• unmarshall the reply into an object of the correct type

Let’s be clear, all of this needs to be done, but it’s all already being done at the Mach message layer and hidden behind the MIG abstraction, so why should our clients and servers do it again in another abstraction built on top? I wanted to find a way to register a port that accepts non-filesystem messages using the HURD’s filesystem-as-name-server approach.

This morning I decided to look at how login was implemented on the HURD and discovered that the password server does exactly what I need. It is configured as a translator on the filesystem, and uses the trivfs library to check in with the bootstrap server and get its ports, but then it handles its own messages for checking passwords rather than the standard filesystem messages. Discovering that gives me enough new information to feel I’ve made progress, and a clear next step (pardon the pun).

posted by Graham at 11:38  

Sunday, January 14, 2018

Head of Architecture

My current job title is Head of Architecture, though the word “architecture” means different things to different people in the world of software. So what does it mean to me, what do I do when I’m playing Head of Architecture?

I follow Perry and Wolf in Foundations for the Study of Software Architecture by drawing the analogy between software architecture and built environment architecture, not network or electronics architecture. The work of a built environment architect, particularly one who follows the path laid out by Christopher Alexander, combines elements, form and aesthetics by creating a system that complements and enhances its environment. Software systems are deployed into environments (with existing people, processes, cultural norms) and developed in environments, and should make those environments better for the people who are interacting with them, while also meeting the functionality, performance, security and other goals of the system.

But that doesn’t actually explain what I do, which is more about letting other people do things that are “architecture” than about “doing architecture” for them. Programmers, ops folks, QA people, product owners, and others frequently make decisions that have wide (and hence “architectural”) impact, and I think it’s better to enable that and follow up by asking how it impacts the rest of the system, to refine the choices made, than to stop people from making those decisions for them in the name of “being the architect”.

So playing software architect for me tends to be more about creating a forum in which people can present aspects of the problems they’re trying to solve, needing to solve soon, or the solutions they’re exploring, and getting a view from multiple teams and multiple functions about those problems and solutions. Making sure that ops know what devs are doing, that product team Alpha knows how product team Aleph are solving that issue, and so on.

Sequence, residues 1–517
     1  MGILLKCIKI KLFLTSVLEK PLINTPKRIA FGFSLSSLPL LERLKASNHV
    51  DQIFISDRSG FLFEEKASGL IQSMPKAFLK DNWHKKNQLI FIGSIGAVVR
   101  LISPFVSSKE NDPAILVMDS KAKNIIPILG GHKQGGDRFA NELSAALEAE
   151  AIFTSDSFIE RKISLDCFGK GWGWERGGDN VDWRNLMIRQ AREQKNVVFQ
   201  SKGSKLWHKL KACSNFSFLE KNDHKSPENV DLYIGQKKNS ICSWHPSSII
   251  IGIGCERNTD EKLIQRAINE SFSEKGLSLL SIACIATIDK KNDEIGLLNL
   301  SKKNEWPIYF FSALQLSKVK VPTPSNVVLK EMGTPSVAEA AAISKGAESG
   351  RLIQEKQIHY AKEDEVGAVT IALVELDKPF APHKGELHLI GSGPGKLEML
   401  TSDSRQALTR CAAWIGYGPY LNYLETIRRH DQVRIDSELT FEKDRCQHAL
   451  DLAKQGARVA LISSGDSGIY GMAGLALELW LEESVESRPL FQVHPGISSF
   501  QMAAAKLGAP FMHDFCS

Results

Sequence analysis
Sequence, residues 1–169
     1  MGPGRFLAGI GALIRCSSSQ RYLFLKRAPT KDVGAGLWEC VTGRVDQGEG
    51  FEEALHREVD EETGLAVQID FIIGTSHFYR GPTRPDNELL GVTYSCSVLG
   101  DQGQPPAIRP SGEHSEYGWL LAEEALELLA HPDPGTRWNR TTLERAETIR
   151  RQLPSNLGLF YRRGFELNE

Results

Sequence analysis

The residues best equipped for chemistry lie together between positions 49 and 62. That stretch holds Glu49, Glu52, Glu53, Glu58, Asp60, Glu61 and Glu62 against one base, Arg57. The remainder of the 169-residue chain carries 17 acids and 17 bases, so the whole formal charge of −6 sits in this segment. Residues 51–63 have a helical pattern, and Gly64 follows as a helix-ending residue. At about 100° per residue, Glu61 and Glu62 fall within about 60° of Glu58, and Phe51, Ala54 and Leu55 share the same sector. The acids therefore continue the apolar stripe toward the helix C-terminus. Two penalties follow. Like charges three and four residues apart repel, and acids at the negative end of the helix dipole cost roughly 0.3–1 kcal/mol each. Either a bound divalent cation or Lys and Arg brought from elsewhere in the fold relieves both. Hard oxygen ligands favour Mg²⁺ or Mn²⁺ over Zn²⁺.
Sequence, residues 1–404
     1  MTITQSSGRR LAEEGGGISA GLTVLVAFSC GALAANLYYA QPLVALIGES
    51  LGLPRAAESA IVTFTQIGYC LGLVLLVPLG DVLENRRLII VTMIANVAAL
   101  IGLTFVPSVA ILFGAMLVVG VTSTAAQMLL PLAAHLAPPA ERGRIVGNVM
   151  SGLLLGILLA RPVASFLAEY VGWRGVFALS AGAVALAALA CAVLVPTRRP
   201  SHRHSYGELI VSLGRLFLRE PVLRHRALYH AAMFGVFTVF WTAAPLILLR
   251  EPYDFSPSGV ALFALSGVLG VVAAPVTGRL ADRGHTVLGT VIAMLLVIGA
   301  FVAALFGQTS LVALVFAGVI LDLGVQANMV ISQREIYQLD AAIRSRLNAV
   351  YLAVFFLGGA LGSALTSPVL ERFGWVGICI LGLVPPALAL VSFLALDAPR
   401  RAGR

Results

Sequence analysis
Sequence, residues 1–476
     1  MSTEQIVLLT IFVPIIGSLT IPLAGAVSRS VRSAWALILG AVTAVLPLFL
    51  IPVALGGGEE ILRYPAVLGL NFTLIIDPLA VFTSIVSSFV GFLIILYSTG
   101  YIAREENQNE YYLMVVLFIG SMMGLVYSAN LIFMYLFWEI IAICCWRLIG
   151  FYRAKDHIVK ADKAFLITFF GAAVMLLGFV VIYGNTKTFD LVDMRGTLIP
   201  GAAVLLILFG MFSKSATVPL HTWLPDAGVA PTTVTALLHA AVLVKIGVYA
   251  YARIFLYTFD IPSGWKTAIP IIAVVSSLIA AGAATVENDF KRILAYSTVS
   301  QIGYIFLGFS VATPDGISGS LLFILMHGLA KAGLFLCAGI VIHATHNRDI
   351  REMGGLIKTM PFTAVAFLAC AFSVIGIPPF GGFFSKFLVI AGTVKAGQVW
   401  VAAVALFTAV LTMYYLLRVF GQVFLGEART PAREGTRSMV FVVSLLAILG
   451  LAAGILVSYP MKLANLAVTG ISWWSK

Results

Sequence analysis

How about the stereotype that software architects program using Visio or Powerpoint? In my case, I program using JavaScript. I do make documentation, to make sure that decisions made in the forum are captured, that proposed or current approaches can be seen and understood. And yes, much of that documentation is diagrammatic. But ultimately I’m a programmer on a software team too, and that documentation has to reflect working, valuable software. That is, while there is value in comprehensive documentation, we value working software more.

posted by Graham at 11:02  

Saturday, January 6, 2018

MUI

In my last post I talked about investigating AROS, the modern, open source[*] implementation of the Amiga Operating System. Today I’ve spent some more time on that study, and found some things:

  • my strategy last time was to read the AROS application developer guide in order, up to the part about Intuition (the UI toolkit). This taught me about Windows and Gadgets, and the message-passing event system IDCMP. However, one of the first things I discovered today on digging more into that is that people don’t use these things directly.
  • The AmigaOS Documentation eschews gadtools (the library for working with Intuition gadgets) in favour of BOOPSI, the Basic Object-Oriented Programming System for Intuition. Its documentation uses demos that only work on the latest (proprietary) AmigaOS, and not on earlier AmigaOS or AROS.
  • The AROS documentation eventually led me to discover that even gadgets in BOOPSI are old and busted, and that the Zune[**] widget set for BOOPSI (which is based on the freeware Magic User Interface) is the new hotness.
  • This follow-your-nose-and-end-up-lost documentation issue is a big problem. I’ve learned a lot, but mostly follow “this is how this works” with “but you don’t do this”. Plenty of reference is made to the original Amiga developer documentation (which, luckily, I have, on CD in an Amiga-only format) and the MUI docs (which I don’t have but can probably get). This is not an AROS-specific issue, wherever “open source version of X” is documented, the documentation is likely to say “check out the documentation for X”. This only works where the documentation for X is available (imagine, say, if Commodore were to go bust in 1993 and stop publishing their developer docs), and relevant to the reimplementation (imagine, say, if Apple were to change programming language and GNUstep didn’t catch up).
  • That AROS is both source and (on m68k, or on UAE) binary compatible with programs that were written in the 1980s is amazing to me, and much more valuable than having latest whizzbang features and smartwatch integration from a modern platform. Leaving aside technical aesthetics which I’m likely to disagree with a lot of people on anyway, AROS and open source[*] systems like it (Haiku, ReactOS, FreeDOS, GNUstep, Lesstif) represent a critical piece of heritage infrastructure.

[*] I’m using this as a shorthand. AROS source code is published under the terms of the AROS Public License, which is not OSI-approved. The source code is available to use, study, share and improve, which many would understand to be “open”.

[**] Unrelated to the Microsoft Zune, and it’s unclear to me which came first.

posted by Graham at 23:26